It's no secret that I am a fan of journaling, and a long-time keeper of a journal, and yet one of the most common questions I receive is “How can I get into journaling?”
Journaling is a simple practice with potentially profound effects. When we keep a journal or take to writing, we are having a relationship with our own mind, and it can become a place we begin to process our thoughts, feelings, and emotions. Journaling has been linked to better mood, reducing symptoms of depression and anxiety, enhanced emotional regulation, and overall improved quality of life.
As a therapist, I have also found that journaling is a place to write and re-write our story. It is a powerful tool to shift outdated beliefs about oneself, including shame, insecurities, and stories we were given that are not our own. In writing to ourselves, we begin to become more aware of self, and other factors that went into how and why we are how we are, and how we came to see the world (and ourselves) in a certain way.
Below are a few tips and thoughts if you’d like to explore journaling for yourself. Remember, the biggest thing is to write like no one will ever see it. Free yourself from having to be “right” or “appropriate.”
Choose Your Medium or Use Many
The image of a journal might be a trusty notebook and pen, which is a wonderful grounding option. The use of putting pen to paper has been linked to deeper contextual understanding, and for many of us, it will be the only time we are not typing on a computer or phone.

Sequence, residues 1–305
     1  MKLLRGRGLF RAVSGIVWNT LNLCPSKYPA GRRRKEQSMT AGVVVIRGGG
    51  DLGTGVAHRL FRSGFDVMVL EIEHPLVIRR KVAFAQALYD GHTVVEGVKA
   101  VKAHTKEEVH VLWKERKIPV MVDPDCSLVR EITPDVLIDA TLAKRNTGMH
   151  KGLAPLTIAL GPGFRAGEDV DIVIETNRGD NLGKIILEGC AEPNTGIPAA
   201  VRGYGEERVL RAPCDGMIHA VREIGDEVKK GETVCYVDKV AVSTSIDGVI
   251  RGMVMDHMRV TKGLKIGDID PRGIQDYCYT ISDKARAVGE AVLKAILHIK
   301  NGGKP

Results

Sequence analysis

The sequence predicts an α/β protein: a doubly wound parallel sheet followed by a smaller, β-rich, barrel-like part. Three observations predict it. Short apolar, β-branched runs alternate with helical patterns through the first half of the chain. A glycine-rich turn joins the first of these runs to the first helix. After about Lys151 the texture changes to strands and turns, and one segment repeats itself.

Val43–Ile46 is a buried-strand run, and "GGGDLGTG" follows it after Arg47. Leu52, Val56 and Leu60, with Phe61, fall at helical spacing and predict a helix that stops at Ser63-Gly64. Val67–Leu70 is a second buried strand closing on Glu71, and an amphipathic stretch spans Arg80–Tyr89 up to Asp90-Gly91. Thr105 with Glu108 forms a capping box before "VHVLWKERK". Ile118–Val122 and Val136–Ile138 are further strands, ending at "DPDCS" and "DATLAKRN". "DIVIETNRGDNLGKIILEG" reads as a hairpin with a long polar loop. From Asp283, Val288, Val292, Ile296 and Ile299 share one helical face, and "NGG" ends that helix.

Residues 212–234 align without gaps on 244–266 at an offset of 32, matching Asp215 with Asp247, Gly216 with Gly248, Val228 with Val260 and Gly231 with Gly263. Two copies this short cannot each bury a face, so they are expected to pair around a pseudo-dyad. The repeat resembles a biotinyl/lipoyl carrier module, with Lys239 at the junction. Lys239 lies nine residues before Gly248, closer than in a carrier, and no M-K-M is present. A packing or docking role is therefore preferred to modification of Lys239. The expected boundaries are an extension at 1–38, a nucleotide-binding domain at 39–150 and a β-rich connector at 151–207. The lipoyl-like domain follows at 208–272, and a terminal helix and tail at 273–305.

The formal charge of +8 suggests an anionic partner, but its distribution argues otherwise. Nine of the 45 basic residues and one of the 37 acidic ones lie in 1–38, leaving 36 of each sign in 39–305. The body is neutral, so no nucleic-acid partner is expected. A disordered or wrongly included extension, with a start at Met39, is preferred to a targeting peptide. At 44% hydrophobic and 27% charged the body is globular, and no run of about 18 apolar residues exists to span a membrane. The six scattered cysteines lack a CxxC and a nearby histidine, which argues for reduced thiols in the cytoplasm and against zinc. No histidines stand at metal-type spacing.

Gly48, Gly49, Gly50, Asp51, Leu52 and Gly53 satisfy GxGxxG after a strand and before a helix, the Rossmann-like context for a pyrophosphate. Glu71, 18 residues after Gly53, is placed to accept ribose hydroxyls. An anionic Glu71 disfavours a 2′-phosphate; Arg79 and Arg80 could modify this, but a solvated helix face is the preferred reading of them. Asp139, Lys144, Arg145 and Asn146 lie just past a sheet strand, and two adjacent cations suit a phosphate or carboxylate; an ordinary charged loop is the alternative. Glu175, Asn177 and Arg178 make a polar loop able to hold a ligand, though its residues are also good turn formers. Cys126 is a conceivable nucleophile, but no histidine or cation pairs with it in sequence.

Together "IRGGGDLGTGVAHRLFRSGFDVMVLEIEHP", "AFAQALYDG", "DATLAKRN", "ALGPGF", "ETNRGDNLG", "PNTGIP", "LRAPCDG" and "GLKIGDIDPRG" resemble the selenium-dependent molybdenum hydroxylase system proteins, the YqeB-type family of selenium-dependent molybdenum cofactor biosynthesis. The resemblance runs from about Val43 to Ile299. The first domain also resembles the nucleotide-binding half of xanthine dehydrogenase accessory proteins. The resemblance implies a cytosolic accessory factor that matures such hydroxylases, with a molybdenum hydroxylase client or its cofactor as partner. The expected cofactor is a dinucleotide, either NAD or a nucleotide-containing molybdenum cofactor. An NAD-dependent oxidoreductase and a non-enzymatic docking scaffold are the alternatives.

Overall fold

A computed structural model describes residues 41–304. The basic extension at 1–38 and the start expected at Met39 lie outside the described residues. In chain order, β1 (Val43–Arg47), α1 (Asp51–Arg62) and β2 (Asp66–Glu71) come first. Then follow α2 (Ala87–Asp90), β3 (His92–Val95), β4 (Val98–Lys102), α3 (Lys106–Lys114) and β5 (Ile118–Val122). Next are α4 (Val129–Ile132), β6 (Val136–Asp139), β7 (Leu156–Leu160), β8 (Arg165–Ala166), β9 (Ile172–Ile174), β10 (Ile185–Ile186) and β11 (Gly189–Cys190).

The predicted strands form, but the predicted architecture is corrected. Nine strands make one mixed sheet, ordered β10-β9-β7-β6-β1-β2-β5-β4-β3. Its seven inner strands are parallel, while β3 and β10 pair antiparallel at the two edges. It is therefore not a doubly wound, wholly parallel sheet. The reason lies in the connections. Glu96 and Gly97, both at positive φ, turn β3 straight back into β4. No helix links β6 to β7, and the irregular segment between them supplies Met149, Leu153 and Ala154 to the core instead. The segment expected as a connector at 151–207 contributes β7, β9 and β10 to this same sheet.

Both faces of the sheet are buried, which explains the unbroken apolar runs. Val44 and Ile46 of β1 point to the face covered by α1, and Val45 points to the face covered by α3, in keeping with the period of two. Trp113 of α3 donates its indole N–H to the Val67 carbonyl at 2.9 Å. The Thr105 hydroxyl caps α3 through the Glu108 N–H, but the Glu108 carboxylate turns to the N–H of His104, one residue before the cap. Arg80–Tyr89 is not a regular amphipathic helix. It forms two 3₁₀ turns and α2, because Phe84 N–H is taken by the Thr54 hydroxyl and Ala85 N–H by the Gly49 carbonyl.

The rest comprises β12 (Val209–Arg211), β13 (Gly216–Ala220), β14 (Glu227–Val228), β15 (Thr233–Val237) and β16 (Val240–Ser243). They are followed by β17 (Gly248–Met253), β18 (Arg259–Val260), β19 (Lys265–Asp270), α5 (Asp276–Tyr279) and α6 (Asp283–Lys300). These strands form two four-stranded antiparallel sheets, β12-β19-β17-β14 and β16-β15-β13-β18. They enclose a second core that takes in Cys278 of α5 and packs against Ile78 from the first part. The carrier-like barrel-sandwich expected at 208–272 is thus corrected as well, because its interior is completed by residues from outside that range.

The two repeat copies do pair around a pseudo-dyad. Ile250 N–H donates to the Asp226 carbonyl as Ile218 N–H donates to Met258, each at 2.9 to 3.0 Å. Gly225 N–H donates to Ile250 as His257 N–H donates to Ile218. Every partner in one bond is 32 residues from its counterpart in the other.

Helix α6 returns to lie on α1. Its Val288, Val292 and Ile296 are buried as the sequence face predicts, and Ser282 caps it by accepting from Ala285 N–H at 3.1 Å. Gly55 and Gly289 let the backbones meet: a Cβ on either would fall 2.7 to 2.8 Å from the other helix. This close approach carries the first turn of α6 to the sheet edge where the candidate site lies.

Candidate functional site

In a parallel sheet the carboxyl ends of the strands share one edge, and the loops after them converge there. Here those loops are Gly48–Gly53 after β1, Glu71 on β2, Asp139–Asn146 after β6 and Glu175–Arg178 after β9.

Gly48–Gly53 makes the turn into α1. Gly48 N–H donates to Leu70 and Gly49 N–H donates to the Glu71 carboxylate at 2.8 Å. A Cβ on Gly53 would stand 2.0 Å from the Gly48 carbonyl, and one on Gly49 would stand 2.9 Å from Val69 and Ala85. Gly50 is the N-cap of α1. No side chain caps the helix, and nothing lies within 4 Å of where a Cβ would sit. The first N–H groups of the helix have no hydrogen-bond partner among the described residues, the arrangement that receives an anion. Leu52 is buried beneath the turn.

A journal is but one option. I would encourage you to use whatever feels the best for you. Think any mixed medium if you’d like, from sketch pads with no lines, the use of colorful pens or colored pencils, torn clips from magazines or a newspaper or drawing in addition to writing sometimes.
You can use digital platforms as well. Our phones are equipped with notes functions, so we can have a quick place to chat with ourselves. Others might want to utilize a secure platform for journaling such as a website or app that can be locked. Privacy is paramount, and I would never want anyone to compromise their safety with journaling.
Or, use all these options in different ways.
Choose to be Consistent
A big part of therapeutic work is that we keep showing up. Journaling might become easier and may feel more natural when we add it into our routines every day, or almost every day. I am a night journaling person. I like to hang out with myself and write as a way to settle up the day and settle into falling asleep. You might find a morning journaling routine helps you to set up your day, create a focus or intention, or move your thoughts to gratitude before the realities of our day begin.
Consistency is more important than time of day. Do what works best for you.
Utilize Prompts but Be Willing to Freestyle
Journaling prompts are a great way to get the mind going. There are many lists of prompts, along with different prompts for any given focus. I’ve included a short list below. However, a prompt does not have to be a rigid protocol.